January is financial wellness month, spurring consumers to scrutinize their budgets and where their money’s going.
And the surging popularity of digital wallets and platforms can transform transaction-by-transaction data to help younger consumers gain better insight into spending, and automate the actions needed to reach their financial goals.
Call it a virtuous cycle. But the tech-driven help seems sorely needed. As recent PYMNTS research done in collaboration with LendingClub has shown, 57% percent of paycheck-to-paycheck consumers have stated that stubbornly high inflation has diminished their capacity to reach their long-term financial goals. Since 63% of us live paycheck to paycheck, that means a significant percentage of us are encountering headwinds in getting where we want to go over the long term, financially speaking.
One key component lies with building up savings. Earmarking at least some funds to be taken out of the bi-weekly or monthly paycheck and allocated to savings accounts or to investment accounts can 1) pad cash cushions and 2) earn returns through various investment products and/or 3) pay down debt.
Savings, of course, have been pressured. PYMNTS has found that 32% of all consumers reported a decrease in the portion of their paycheck they are able to save, while 42% of struggling paycheck-to-paycheck consumers have cited such pressures. Separately, J.P. Morgan has noted in its own research that “excess savings” in the aggregate here in the U.S. are $900 billion, down markedly from $2.1 trillion in the midst of the pandemic.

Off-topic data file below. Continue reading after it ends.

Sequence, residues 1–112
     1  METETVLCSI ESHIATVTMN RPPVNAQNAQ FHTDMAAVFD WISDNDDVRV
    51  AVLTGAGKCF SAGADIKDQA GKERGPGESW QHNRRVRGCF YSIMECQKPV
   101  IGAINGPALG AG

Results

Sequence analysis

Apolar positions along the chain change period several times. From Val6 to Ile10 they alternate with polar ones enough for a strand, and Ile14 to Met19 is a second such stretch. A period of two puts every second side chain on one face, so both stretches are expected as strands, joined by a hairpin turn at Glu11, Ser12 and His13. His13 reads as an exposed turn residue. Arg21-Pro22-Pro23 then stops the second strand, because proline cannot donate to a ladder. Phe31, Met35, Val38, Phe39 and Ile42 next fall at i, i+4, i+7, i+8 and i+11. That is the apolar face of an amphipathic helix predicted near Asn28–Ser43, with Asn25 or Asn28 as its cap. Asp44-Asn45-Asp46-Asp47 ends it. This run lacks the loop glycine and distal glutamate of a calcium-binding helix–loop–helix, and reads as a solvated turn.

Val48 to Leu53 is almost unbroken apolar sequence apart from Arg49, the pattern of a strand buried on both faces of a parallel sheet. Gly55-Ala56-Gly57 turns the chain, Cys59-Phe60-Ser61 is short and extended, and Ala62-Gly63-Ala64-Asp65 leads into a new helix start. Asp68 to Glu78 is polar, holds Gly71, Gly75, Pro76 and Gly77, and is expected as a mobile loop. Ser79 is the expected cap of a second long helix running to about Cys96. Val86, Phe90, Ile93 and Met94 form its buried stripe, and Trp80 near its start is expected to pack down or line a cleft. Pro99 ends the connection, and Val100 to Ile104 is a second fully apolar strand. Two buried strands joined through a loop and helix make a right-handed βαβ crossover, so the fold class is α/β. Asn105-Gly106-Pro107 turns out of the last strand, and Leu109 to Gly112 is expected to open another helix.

Willing to Try Something New
Consumers, then, can use a leg up, a bit of guidance, in making the leap from ambition to reality as they seek to improve their financial wellness. Digital wallets, among the most popular new payment methods headed into the new year, can be the springboard for platforms and providers to help them get there. Our data finds 59% of consumers who tried a new payment method in the past year opted to embrace digital wallets, and 42% of U.S. consumers surveyed are curious about the payment method but have not yet tried it, indicating a greenfield opportunity that lies ahead. Drill down a bit and 66% of Gen Z consumers and 67% of millennials have tried digital wallets in the past year.
It is the digital wallet, we note, that houses all manner of cards and spending options in one place and which harnesses data in real time that in turn can be funneled across platforms, on offer from FinTechs and traditional financial institutions(FIs). The financial wellness offerings tied to a “digital front door” of a super app/platform are especially of interest to younger consumers, at 48% of Gen Z individuals and 33% of millennials.
The platform model, too, has enabled a series of cross-pollination opportunities that span spending, lending and savings. LendingClub, for one example, has recently detailed that members earn 3.25% APY on high-yield savings accounts balances along with 1% cash back on checking-based transactions.
And as noted in a recent interview with PYMNTS, Yvonne Stelpflug, senior vice president of Advisors Plus Consulting at PSCU, said that same data can help credit unions (CUs) stay engaged with members across digital and brick-and-mortar settings. “You’ve got to be able to feed into what’s happening with members — so that the digital solutions, the contact centers, the tellers and lenders all have access to the same information,” she said. The cross-channel data flow can take insight from daily financial activities and craft proactive approaches that keep financial goals in sight.
The stage is set to use transaction level data to help consumers analyze, and perhaps tweak, their financial habits. PYMNTS and Banyan found that nearly half of financial service providers are highly interested in using receipt data to improve consumers’ understanding of their spending behavior — which in turn helps banks and providers to more accurately recommend relevant products and services.